I was finally part of the crowd that I so longed to be associated with, and I considered my role on @U2 as a great privilege (5 years later, I still do). But as with all organizations and workplaces, people get married, switch their focus and move on. That's what happened with our brilliant Kelly, who was always putting out consistently wonderful, time-consuming cartoons. I was devastated when she announced her departure (as were thousands of fans who looked forward to her work each month), but as a friend I was glad that she'd found a more satisfying happiness in married life.

Since then, I've followed her blog, Alizarine, religiously, often making many of her delicious recipes and envying her idyllic home surrounded by the occasional woodchuck and deer. I was especially happy to see that she decided to follow her dreams and take a year off to paint. If only more of us were that courageous.

I've also branched out myself, focusing on my first love of film—co-creating the movie review podcast Cinebanter, which just turned four yesterday. My partner? A guy called Michael, who used to go by the name "Answer Guy."

Of course, all self-respecting film critics owe Roger Ebert for setting the bar so high and I am no exception. I immediately joined "The Ebert Club" when memberships were sold earlier this year, and consider him one of the best Tweeters on all of you can only imagine my delight today when I noticed that Roger was Tweeting about a certain watercolor artist, and that artist was Kelly!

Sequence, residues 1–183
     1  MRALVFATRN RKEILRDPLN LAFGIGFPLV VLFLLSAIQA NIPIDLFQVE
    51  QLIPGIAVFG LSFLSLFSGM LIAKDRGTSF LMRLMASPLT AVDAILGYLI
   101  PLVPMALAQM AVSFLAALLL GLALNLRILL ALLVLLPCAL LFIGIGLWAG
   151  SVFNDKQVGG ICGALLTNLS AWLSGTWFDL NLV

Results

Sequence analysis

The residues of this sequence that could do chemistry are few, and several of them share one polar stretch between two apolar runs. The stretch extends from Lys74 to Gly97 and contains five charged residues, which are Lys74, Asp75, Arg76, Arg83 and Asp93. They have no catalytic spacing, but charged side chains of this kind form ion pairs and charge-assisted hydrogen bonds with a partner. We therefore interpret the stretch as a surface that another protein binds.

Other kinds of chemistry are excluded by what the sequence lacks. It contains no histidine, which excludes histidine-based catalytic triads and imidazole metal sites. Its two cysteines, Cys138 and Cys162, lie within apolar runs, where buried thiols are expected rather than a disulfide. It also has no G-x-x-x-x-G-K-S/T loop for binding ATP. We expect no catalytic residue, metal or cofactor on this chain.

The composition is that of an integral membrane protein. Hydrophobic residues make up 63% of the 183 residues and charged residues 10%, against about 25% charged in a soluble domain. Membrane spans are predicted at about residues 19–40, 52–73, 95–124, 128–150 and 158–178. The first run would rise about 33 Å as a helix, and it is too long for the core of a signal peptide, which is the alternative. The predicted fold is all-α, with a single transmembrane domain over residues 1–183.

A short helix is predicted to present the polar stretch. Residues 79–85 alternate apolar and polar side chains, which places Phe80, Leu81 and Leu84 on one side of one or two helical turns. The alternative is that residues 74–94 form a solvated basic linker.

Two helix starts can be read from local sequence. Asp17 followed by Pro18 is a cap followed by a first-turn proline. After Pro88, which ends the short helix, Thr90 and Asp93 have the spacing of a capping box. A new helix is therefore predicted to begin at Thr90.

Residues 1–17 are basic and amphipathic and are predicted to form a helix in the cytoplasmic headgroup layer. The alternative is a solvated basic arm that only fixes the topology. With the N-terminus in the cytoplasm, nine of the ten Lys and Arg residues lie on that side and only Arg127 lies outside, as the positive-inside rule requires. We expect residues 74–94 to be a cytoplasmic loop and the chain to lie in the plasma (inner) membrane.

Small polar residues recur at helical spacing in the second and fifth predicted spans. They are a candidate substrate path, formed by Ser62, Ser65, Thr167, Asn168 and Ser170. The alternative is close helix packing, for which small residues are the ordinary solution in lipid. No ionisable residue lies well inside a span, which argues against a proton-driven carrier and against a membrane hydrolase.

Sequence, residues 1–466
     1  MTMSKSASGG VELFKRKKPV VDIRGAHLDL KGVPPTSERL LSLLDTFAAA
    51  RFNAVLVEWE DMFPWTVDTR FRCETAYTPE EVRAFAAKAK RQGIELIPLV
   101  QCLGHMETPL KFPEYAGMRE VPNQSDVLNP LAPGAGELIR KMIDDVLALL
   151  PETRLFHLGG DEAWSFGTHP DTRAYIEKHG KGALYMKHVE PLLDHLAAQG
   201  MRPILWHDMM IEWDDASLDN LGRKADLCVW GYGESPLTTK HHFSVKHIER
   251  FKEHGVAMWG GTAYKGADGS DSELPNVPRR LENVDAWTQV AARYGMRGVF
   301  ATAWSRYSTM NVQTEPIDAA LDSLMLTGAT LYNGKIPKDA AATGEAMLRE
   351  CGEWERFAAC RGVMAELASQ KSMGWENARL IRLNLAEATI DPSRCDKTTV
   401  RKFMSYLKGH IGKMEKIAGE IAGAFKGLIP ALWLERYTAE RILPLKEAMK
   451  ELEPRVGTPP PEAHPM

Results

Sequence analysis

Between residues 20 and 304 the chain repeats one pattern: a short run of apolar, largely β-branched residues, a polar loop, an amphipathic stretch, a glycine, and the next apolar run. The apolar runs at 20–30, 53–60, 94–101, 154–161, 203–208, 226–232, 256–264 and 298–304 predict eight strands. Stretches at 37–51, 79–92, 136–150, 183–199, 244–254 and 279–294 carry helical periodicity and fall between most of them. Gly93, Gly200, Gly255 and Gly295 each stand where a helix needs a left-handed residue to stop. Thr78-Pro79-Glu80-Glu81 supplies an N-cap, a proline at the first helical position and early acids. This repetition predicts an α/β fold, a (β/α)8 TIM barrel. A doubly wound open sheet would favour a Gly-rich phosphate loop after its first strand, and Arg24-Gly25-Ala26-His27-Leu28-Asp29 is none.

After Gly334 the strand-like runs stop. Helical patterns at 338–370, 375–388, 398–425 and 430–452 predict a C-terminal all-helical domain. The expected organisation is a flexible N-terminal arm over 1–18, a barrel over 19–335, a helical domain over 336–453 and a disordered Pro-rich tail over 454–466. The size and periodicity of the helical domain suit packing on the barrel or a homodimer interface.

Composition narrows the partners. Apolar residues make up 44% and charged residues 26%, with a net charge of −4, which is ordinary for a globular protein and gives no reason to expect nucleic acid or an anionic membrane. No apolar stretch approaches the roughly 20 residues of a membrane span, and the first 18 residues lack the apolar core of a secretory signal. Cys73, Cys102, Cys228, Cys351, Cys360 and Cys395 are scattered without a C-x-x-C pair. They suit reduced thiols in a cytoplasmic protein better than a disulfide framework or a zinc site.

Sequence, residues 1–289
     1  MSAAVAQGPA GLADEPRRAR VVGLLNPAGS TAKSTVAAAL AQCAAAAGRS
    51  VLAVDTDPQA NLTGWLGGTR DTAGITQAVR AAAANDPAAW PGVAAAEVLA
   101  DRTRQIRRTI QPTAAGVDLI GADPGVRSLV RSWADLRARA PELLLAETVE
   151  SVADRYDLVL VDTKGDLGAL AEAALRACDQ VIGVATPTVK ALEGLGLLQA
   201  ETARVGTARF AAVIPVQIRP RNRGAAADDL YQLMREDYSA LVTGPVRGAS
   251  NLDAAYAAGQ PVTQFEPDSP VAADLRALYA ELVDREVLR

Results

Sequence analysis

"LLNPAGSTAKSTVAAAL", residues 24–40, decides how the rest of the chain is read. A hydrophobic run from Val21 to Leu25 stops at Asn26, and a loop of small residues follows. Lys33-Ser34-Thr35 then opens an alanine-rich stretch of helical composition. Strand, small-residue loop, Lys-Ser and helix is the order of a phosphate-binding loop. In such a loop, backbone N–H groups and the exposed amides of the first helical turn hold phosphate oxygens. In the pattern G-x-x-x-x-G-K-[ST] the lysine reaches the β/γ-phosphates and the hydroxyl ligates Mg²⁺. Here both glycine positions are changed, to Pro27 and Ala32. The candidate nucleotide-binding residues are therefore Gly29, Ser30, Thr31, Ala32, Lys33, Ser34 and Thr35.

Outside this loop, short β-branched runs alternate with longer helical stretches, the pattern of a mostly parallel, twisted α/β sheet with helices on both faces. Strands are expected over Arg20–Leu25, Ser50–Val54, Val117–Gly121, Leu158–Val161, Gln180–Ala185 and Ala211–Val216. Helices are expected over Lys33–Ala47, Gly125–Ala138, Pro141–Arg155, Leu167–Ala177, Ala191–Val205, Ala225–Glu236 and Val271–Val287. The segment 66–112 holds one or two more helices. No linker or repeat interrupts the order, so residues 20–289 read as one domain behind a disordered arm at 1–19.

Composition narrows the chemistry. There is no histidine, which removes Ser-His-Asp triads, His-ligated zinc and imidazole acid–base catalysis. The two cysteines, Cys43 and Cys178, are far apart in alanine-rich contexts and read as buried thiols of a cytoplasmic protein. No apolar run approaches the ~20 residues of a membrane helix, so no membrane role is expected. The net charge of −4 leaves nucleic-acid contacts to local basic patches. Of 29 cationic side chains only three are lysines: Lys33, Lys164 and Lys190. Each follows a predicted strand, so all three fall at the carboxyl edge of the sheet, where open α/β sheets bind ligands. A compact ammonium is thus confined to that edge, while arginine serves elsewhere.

You can read the full exchange on Kelly's blog, but basically Roger responded to her response to his earlier Tweet about film criticism books never getting their due in the background of films. She had done a painting recently that included one of his books on her shelf, and he not only wrote back in our club's blog, he Tweeted the sweetest endorsement for her art to his 180,000+ followers. As a result, Kelly's website has been getting countless hits, and I know of at least one painting that has already sold.

Congratulations Kelly, and thank you Roger, for recognizing the talent of my gifted friend.

It's so wonderful when good things happen to good people.


1 comment:

Kelly said...

I am so touched and flattered by this, Tassoula. THANK YOU! My years at @U2 helped me through what was otherwise a pretty rough time in my life. Having the support and friendship of so many fun, talented people all over the world--who encouraged my wacky obsessions, no less--meant so much to me.

As much as I loved putting my cartoons together, I knew they were strangling my let's-call-it-real art. During my time at @U2 I produced only four large-scale paintings of my own, and sadly I had to draw the line after painting the same four men countless times over seven years. I wish I had a clone, or I could paint simultaneously with my left and right hands, or days lasted 48 hours, but [sigh].

Anyway, I've always been so fond of you, Tassoula, and the heart and tenacity you display in everything you do, U2 and otherwise. You're a great writer and a great person. You deserve nothing but the best in your life. Thank you so much for this, and thank you for buying my painting tonight!